The rules will be added to those currently in place and will come into effect on the 10th November 2014. Advertising will be monitored for twelve months and a full public consultation will be held to amend them if necessary.
As it stands, Article 20 of the Tobacco Products Directive is due to be enforced by the UK government in 2016 and will prohibit all forms of advertising.
CAP say that although there has been advertising within the existing rule framework they felt the need for product-specific regulation due to the expansion of the market and the growth in the numbers of campaigns.
They also felt that there were other issues in need of addressing; namely the concern held by the general public and the uncertainty vocalised by electronic cigarette advertisers.
General rules to date covered misleading claims, harm, offence and social responsibility. The product-specific rules extend those to include:
- Ads must not be likely to appeal particularly to people under 18, especially by reflecting or being associated with youth culture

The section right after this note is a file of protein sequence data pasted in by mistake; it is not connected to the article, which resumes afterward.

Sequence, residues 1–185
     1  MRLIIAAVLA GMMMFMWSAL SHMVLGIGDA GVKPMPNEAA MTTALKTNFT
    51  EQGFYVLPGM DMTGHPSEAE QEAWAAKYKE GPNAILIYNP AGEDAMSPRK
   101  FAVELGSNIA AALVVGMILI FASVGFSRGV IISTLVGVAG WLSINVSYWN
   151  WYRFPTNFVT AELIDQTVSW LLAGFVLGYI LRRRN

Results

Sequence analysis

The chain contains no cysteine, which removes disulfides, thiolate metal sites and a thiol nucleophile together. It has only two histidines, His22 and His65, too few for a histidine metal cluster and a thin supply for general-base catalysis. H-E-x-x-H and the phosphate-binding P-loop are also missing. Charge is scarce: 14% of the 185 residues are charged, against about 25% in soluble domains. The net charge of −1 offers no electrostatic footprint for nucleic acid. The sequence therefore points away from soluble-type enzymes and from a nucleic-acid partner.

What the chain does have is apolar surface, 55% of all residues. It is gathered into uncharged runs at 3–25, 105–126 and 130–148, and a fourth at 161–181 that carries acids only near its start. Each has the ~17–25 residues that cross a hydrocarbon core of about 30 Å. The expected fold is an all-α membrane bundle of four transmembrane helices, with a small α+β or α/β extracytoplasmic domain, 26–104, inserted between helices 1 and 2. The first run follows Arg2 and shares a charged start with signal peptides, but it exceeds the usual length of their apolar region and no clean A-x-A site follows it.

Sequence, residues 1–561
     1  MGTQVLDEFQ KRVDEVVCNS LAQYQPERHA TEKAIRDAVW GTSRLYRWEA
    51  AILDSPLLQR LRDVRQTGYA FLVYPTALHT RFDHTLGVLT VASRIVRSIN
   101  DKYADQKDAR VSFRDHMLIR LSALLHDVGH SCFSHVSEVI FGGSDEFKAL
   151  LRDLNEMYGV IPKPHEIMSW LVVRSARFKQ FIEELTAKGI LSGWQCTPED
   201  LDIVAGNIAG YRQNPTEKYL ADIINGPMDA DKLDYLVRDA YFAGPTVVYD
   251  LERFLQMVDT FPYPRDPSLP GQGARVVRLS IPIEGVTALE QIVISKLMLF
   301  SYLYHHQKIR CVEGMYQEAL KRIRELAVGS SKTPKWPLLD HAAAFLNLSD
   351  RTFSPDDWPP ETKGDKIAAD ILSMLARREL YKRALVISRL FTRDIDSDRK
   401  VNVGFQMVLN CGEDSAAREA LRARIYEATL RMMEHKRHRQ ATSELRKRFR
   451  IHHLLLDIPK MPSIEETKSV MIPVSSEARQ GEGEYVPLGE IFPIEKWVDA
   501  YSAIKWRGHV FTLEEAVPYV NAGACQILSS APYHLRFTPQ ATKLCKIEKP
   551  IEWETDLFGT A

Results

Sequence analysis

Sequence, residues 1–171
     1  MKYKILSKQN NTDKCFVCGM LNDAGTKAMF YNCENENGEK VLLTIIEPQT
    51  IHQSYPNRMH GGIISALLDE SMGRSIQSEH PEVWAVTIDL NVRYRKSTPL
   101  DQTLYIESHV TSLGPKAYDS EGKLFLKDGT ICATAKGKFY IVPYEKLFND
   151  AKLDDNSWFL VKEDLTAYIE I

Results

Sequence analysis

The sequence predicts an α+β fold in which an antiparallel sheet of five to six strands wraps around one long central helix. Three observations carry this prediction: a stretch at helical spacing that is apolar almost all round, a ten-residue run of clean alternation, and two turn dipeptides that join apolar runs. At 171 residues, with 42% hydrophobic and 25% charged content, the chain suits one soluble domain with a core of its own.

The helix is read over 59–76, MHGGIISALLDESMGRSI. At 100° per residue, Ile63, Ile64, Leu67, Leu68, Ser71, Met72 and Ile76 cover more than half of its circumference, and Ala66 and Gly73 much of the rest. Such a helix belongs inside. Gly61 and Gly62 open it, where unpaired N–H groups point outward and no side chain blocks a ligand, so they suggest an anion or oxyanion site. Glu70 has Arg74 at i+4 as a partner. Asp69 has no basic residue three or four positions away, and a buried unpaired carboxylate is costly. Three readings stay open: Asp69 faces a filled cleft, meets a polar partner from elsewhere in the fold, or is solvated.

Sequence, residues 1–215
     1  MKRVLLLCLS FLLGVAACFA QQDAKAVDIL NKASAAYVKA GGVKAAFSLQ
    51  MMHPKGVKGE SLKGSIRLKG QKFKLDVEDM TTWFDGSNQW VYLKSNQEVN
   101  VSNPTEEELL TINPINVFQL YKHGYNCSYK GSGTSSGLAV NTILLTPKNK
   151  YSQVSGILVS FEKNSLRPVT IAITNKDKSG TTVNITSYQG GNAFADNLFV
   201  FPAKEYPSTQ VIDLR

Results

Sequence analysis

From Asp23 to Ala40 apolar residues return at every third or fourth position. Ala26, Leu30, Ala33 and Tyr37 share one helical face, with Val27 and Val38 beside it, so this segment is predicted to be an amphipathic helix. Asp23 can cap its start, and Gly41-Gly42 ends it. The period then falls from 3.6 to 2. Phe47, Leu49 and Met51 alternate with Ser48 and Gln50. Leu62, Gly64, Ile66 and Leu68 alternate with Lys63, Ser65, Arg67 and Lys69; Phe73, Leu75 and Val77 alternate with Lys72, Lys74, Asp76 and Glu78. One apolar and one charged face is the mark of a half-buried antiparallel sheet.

- People shown using e-cigarettes or playing a significant role must neither be, nor seem to be, under 25
- Ads must not be directed at people under 18 through the selection of media or the context in which they appear
- Ads must not encourage non-smokers or non-nicotine users to use e-cigarettes
- Ads must make clear that the product is an e-cigarette and not a tobacco product
The creation of the new framework came about following consultation with policy makers, health professionals, charities and business about the role and safety of e-cigarettes.
The aim was to tie together rules for non-broadcast and broadcast advertising with the aim of protecting children from being influenced by them. Television and radio adverts will now be allowed to run subject to watershed restrictions and, for the first time, television adverts will be allowed to display the products “in use”. E-Cigs can currently be shown in use in non-televised advertising and this will continue after the new rules come into effect.
A number of e-cigarette ads have been banned by the CAP’s sister agency, the Advertising Standards Authority, in recent months for “glamourising” nicotine products or not making it clear enough that they aren’t available to consumers under the age of 18.
Companies wishing to make claims relating to health benefits will not be allowed unless authorisation is first obtained from the Medicines and Healthcare products Regulatory Agency (MHRA).